How is Helicobacter pylori treated?
Infection with H. pylori is usually treated with a combination of three drugs (triple therapy). A proton pump inhibitor such as esomeprazole (Nexium), lansoprazole (Prevacid), omeprazole (Prilosec), pantoprazole (Protonix) and rabeprazole (Aciphex) which suppress gastric acid, will be given together with two antibiotics. The antibiotics used include amoxicillin (Amoxil), clarithromycin (Biaxin), metronidazole (Flagyl), and tetracycline. Bismuth subsalicylate is sometimes used instead of a proton pump inhibitor. Occasionally if triple therapy is unsuccessful, a treatment regimen involving four drugs may be used. Evidence shows that triple therapy can eradicate H. pylori in around 80–85% of cases.

The main reason why H. pylori eradication fails is that patients do not always take their medication as prescribed. It is very important for you to take all your tablets every day as directed. Unfortunately, many people suffer side effects from therapy. The side effects may include diarrhea, nausea, a metallic taste, and sometimes a severe inflammation of the bowel. However, if you can tolerate any side effects that you experience and persist with the course of treatment, then H. pylori should be eradicated for good. If you stop half way through a course, your ulcer and all the problems that occur as a result of it will return. You may also be left with a drug-resistant strain of H. pylori that cannot easily be treated with further antibiotics. If you cannot tolerate the side effects of treatment, you should check with your doctor before stopping the course. Long-term ulcer sufferers are at risk of perforation of the lining of the stomach or duodenum, and are also at risk of bleeding from the gastrointestinal tract. There is also increasing evidence that infection with H. pylori is associated with cancer of the stomach. Therefore, it is important to identify and treat H. pylori infection.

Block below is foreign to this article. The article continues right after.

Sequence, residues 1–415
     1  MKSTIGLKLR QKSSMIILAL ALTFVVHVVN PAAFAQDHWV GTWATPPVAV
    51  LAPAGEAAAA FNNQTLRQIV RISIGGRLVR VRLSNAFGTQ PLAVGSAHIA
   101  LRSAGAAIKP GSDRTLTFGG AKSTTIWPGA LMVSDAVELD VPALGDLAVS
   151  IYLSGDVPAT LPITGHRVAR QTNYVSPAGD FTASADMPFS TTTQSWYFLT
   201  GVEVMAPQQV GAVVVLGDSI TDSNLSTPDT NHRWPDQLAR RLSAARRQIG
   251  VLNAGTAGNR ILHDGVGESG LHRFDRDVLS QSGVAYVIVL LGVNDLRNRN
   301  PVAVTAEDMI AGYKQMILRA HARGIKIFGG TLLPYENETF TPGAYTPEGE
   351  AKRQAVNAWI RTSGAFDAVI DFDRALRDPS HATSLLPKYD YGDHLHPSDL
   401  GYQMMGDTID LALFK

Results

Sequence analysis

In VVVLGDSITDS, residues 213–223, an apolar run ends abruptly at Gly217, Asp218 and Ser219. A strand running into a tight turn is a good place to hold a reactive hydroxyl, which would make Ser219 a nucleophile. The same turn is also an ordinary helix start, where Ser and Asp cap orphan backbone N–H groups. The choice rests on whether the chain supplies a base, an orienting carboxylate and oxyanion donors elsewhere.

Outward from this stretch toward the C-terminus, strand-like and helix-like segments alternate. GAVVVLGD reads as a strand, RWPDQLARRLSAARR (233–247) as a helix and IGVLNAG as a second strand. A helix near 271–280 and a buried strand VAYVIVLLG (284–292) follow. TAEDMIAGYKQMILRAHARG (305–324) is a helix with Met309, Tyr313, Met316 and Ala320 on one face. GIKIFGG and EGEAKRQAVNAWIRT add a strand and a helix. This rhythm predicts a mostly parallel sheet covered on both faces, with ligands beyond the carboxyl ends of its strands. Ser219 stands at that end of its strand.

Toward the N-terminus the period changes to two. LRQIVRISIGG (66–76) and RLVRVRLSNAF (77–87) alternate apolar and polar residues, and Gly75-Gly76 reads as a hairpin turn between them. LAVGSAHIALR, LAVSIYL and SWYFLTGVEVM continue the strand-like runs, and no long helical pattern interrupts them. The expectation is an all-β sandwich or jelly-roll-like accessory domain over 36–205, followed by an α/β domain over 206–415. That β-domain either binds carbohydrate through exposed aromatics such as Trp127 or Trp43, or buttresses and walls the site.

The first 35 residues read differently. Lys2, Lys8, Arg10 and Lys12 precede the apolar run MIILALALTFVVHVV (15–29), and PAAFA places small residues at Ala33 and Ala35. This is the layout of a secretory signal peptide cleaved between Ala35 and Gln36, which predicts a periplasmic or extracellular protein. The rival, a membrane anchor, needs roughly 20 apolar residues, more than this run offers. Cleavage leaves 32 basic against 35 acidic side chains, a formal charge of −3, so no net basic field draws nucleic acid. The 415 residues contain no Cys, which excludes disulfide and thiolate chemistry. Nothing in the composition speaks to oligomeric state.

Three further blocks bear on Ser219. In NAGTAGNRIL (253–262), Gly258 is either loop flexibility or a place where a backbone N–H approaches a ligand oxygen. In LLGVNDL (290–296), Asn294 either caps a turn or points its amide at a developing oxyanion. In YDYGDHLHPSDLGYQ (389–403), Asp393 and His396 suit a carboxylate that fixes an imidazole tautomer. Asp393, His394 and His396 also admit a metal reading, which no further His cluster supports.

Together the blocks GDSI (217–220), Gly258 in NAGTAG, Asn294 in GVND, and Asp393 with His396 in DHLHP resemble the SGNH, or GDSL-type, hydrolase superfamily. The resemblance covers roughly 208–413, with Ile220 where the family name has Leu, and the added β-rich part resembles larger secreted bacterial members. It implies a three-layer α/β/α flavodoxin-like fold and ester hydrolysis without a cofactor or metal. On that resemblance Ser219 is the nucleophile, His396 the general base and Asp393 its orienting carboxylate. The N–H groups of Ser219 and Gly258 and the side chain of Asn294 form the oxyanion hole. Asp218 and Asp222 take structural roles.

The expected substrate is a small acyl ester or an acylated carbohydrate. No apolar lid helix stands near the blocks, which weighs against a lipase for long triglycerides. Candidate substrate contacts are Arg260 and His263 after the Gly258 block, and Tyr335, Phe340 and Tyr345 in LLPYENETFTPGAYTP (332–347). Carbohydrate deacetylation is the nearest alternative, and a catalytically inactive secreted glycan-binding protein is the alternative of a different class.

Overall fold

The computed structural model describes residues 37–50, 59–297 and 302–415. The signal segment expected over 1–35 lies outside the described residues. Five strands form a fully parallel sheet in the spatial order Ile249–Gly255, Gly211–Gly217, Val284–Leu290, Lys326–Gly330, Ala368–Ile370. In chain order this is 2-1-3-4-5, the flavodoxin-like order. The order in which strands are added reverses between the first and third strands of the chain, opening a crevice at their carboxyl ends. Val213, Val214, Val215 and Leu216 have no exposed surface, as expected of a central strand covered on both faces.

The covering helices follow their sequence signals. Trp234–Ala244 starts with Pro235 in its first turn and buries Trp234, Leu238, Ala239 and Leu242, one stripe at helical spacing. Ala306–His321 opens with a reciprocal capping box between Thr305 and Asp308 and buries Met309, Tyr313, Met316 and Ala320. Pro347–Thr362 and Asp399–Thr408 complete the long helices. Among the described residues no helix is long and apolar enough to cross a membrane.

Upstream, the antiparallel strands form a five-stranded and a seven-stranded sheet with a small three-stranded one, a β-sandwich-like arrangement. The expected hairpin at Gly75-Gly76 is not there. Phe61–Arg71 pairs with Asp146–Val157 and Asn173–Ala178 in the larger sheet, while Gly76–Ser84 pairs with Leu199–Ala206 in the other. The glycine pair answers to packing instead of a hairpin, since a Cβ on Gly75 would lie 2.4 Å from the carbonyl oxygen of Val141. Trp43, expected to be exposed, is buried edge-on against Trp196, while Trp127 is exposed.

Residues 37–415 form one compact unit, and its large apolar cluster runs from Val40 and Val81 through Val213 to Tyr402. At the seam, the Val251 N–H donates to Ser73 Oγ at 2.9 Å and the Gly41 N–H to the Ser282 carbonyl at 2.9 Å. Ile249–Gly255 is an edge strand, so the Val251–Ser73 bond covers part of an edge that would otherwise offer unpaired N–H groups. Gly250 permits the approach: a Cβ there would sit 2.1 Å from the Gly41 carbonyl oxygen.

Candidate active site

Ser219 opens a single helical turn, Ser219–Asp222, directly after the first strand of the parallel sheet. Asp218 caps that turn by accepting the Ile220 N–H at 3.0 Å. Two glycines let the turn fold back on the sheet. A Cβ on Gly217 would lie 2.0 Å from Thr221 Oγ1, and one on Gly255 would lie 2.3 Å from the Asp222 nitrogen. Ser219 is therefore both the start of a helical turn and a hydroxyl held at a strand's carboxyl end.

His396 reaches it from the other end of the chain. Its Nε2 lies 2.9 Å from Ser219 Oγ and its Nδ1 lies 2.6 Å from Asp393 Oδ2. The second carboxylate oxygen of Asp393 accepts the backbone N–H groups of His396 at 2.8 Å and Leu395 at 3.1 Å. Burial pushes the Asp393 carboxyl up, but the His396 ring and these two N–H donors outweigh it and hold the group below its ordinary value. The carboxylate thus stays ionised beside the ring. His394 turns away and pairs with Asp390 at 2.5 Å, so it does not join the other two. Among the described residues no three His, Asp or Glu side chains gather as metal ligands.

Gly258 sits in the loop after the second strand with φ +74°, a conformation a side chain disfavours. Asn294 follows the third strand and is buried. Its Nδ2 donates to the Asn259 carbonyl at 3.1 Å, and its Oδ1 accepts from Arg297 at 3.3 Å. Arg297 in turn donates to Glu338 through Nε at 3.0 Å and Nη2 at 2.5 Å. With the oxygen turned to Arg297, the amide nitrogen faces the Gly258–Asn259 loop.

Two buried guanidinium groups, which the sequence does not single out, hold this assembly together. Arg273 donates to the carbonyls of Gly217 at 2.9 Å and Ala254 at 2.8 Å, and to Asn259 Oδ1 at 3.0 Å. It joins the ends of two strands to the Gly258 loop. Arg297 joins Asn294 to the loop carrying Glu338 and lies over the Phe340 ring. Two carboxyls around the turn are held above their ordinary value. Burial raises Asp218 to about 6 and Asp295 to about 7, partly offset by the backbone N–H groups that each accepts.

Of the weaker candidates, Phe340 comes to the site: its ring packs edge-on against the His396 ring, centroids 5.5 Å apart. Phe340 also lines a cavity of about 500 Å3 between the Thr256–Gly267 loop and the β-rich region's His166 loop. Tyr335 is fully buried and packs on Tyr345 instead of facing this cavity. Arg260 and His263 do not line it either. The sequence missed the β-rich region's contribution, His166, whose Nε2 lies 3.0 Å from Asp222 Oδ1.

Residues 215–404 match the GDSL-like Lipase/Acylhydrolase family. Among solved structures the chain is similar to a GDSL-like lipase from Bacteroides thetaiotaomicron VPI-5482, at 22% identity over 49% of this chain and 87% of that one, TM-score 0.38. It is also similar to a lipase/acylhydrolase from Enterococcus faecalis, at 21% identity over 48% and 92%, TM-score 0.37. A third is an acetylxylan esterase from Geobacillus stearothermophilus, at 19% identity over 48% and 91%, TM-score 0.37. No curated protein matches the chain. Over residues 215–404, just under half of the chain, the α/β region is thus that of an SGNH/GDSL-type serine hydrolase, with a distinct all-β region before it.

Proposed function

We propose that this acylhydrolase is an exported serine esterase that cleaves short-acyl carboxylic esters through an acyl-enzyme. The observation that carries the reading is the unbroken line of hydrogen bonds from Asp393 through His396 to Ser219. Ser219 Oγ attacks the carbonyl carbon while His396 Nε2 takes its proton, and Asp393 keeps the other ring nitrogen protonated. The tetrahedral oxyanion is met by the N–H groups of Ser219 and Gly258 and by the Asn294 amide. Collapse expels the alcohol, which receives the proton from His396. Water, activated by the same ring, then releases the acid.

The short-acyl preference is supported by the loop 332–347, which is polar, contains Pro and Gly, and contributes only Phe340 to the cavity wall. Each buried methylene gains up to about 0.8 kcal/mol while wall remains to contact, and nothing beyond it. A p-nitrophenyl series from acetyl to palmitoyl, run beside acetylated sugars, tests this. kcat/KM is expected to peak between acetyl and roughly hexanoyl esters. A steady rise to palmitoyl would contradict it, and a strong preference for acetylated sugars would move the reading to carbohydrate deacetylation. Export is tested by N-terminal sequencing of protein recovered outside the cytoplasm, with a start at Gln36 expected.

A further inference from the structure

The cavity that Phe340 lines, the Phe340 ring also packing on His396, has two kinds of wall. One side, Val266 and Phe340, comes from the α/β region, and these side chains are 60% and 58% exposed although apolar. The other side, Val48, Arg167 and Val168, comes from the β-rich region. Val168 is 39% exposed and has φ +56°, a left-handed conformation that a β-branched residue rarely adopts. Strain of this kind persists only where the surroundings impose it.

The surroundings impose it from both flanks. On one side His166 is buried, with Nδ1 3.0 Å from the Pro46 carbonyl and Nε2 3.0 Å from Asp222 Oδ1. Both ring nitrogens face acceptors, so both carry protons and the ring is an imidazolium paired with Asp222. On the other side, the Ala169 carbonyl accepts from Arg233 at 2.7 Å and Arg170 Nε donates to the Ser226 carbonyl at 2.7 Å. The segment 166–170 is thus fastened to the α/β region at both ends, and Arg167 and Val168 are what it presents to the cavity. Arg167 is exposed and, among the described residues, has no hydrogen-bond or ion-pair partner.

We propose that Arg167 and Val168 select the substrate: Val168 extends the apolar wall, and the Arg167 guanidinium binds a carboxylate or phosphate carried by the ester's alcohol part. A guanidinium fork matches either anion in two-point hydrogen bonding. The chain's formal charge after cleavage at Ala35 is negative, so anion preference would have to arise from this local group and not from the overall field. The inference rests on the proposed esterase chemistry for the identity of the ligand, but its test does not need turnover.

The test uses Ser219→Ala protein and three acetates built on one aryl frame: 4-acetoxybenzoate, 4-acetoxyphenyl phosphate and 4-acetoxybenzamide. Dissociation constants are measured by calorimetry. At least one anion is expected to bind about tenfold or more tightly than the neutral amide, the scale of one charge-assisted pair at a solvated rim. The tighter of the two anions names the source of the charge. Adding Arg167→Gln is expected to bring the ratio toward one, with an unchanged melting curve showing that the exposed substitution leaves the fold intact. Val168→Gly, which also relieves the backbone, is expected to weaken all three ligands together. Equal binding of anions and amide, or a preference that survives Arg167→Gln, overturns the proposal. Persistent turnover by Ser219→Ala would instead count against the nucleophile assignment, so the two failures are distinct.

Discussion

Further information
National Digestive Diseases Information Clearinghouse (NDDIC): http://www.digestive.niddk.nih.gov/ddiseases/pubs/hpylori/index.aspx

Last Reviewed: May 2013